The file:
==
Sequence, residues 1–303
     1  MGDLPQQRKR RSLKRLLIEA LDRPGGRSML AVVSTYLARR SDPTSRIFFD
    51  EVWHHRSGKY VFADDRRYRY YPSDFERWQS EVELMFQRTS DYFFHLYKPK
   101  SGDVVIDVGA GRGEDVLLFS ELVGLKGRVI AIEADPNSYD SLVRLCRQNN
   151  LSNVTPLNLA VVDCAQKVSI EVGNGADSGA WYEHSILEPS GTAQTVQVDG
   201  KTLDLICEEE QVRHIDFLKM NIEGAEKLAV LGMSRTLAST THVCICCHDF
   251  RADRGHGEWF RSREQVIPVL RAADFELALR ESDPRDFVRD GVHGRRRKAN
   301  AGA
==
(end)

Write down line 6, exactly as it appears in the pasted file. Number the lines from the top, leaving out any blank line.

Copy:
   201  KTLDLICEEE QVRHIDFLKM NIEGAEKLAV LGMSRTLAST THVCICCHDF